Even though the current system was designed by Democrats in the early 1960s, Republicans have won all of the overtime contests. (Lauren “Bubba” McDonald was a Democrat when he won his Public Service Commission race in 1998 but has since switched parties.)

Five of the eight overtime races were for lower-profile Public Service Commission seats, two were for U.S. Senate and one was for secretary of state:

U.S. Senate

1992 – incumbent Democrat Wyche Fowler v. Republican Paul Coverdell

General election leader: Fowler + 1.6%

Runoff winner: Coverdell +1.3%

2008 – incumbent Republican Saxby Chambliss v. Democrat Jim Martin

General election leader: Chambliss +2.9%

Runoff winner: Chambliss +14.9%

Public Service Commission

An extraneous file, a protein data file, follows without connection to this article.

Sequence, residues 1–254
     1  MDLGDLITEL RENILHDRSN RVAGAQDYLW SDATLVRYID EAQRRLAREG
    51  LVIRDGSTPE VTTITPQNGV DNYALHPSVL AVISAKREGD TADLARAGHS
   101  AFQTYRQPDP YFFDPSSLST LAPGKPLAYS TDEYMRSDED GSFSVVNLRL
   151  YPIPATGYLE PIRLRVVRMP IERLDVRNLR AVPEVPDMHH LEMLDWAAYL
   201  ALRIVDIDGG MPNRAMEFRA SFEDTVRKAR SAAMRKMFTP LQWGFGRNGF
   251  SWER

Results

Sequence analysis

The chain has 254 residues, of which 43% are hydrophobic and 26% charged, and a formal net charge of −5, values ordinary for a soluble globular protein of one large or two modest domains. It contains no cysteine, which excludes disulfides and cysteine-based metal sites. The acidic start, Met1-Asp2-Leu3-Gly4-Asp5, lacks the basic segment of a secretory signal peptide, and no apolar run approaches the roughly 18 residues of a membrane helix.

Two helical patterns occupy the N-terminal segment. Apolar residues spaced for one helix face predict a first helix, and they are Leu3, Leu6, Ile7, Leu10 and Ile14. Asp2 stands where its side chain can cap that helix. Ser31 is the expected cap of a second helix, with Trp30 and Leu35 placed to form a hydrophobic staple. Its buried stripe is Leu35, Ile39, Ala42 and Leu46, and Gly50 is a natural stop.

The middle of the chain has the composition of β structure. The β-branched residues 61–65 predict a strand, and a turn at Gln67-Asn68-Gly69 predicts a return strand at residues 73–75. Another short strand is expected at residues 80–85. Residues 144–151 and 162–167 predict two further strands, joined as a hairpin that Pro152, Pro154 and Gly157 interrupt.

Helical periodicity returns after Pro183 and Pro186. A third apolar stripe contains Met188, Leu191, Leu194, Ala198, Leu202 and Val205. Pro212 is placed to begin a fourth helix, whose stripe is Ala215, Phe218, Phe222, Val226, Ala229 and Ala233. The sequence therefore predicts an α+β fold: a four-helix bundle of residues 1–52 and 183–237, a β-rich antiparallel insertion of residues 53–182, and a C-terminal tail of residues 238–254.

1992 – Republican Bobby Baker v. Democrat John Frank Collins

General election leader: Baker +0.7%

Runoff winner: Baker +13.6%

1998 (special election) – incumbent Democrat Lauren “Bubba” McDonald v. Republican Jim Cole

General election leader: McDonald +15.8%

Runoff winner: McDonald +31.4%

2006 – incumbent Democrat David Burgess v. Republican Chuck Eaton

General election leader: Burgess +2.6%

Runoff winner: Eaton +4.4%

2008 – Republican Lauren “Bubba” McDonald v. Democrat Jim Powell

General election leader: Powell +0.6%

Runoff winner: McDonald +13%

2018 - incumbent Republican Chuck Eaton v. Democrat Lindy Miller

General election leader: Eaton +2.1%

Runoff winner: Eaton +3.5%

Secretary of State

2018 – Republican Brad Raffensperger v. Democrat John Barrow

General election leader: Raffensperger +0.4%

Runoff winner: Raffensperger 3.8%

(Numbers have been rounded)

Sources: Secretary of State’s office, FiveThirtyEight, AJC archives

-Tamar Hallerman